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Am J Hypertens. 2010 Jan;23(1):24-9. doi: 10.1038/ajh.2009.164. Epub 2009 Oct 22.

Left ventricular geometry in children and adolescents with primary hypertension.

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  • 1Department of Pediatrics, University of Tennessee Health Science Center, Memphis, Tennessee, USA.

Abstract

BACKGROUND:

Children with hypertension (HTN) are at increased risk for left ventricular hypertrophy (LVH). Increased left ventricular (LV) mass (LVM) by the process of remodeling in response to volume or pressure loading may be eccentric (increased LV diameter) or concentric (increased wall thickness). Our objective was to classify LV geometry among children with primary HTN and examine differences in ambulatory blood pressure (ABP).

METHODS:

Subjects aged 7-18 years with suspected HTN were enrolled in this cross-sectional study. ABP and LVM index (LVMI) were measured within the same 24-h period. LV geometry was classified as normal, concentric remodeling, concentric LVH, or eccentric LVH.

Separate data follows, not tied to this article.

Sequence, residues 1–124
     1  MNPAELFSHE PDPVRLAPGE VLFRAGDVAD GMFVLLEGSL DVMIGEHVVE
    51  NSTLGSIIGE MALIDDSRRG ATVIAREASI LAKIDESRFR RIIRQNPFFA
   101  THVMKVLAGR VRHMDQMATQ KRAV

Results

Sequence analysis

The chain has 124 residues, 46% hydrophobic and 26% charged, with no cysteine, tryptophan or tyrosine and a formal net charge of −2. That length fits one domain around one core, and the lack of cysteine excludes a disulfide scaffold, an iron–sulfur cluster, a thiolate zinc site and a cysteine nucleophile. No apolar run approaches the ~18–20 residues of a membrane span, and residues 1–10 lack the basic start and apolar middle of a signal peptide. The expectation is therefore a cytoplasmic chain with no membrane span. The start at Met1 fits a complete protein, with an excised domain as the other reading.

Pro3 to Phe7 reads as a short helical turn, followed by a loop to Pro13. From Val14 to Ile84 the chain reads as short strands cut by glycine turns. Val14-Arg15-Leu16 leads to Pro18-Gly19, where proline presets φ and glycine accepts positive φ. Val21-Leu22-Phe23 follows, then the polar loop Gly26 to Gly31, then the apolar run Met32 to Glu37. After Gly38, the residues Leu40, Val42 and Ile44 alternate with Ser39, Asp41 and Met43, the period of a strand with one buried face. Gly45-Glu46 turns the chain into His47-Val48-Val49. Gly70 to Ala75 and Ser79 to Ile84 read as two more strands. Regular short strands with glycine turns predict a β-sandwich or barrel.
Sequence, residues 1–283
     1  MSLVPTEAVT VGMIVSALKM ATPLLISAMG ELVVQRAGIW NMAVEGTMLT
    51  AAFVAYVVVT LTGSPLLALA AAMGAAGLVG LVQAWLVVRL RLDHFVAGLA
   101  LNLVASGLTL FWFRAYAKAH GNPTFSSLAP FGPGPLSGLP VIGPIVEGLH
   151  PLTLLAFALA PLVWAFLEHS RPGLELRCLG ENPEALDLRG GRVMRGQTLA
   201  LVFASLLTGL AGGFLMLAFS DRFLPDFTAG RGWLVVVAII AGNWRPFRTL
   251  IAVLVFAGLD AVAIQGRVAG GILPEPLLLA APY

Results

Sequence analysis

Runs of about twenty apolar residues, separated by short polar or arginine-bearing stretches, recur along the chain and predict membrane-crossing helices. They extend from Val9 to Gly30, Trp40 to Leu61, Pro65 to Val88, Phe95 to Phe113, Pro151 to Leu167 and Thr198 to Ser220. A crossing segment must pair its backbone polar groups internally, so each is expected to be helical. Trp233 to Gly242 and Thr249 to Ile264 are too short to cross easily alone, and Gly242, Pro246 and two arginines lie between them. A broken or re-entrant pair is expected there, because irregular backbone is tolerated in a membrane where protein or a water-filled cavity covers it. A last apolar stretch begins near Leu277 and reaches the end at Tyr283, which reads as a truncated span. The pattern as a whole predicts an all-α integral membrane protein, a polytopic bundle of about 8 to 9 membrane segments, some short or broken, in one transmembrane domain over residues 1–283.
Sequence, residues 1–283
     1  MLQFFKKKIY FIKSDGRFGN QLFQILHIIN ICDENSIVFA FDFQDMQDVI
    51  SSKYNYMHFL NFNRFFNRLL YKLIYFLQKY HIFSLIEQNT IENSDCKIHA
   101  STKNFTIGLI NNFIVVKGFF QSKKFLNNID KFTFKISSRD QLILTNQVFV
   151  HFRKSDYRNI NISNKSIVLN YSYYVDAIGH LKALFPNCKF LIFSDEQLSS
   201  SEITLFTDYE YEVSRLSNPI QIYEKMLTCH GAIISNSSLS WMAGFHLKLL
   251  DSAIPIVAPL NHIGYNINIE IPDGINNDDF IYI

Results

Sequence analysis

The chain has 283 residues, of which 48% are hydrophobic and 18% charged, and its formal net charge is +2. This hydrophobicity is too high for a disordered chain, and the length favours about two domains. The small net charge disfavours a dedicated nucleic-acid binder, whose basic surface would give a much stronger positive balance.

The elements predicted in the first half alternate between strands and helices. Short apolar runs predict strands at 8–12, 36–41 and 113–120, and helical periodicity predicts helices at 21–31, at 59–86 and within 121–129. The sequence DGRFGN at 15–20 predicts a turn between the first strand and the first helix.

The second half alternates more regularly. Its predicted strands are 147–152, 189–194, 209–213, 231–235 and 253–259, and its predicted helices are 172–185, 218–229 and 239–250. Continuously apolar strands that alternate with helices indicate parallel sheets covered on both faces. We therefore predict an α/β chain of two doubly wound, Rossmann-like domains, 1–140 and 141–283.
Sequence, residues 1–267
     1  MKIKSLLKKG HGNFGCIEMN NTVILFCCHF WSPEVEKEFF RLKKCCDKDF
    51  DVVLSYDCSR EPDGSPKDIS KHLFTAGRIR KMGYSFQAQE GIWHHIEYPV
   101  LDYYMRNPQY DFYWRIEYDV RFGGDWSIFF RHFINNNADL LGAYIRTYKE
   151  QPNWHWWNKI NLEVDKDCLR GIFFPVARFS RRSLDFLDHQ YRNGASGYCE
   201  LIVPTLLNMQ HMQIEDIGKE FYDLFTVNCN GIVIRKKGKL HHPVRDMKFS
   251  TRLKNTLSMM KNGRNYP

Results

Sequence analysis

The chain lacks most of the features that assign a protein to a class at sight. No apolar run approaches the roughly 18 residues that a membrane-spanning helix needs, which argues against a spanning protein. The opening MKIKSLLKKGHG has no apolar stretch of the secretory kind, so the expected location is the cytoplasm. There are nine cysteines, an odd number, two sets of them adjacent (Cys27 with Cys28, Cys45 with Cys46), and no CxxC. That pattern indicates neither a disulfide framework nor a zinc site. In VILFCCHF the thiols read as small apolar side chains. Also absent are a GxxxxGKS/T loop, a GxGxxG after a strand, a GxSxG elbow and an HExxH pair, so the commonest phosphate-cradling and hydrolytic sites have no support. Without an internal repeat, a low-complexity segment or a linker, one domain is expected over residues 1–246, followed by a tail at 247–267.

RESULTS:

Children with LVH had significantly higher ambulatory systolic BP (SBP) and diastolic blood pressure (BP) (DBP) levels and body mass index (BMI) Z-score. Sixty-eight children had HTN based upon ABP monitoring (ABPM). Thirty-eight percent of the hypertensive subjects had LVH, with equal distribution in the concentric and eccentric groups. There were significant differences in the 24-h DBP parameters when the eccentric LVH group was compared to the normal geometry and concentric LVH groups. Relative wall thickness (RWT) was inversely associated with night time DBP parameters. These relationships persisted after controlling for BMI Z-score.

CONCLUSIONS:

Although the risk for LVH is associated with increased SBP and BMI Z-score, those with eccentric LVH had significantly higher DBP.

PMID:
19851297
PMCID:
PMC2795788
DOI:
10.1038/ajh.2009.164
[PubMed - indexed for MEDLINE]
Free PMC Article
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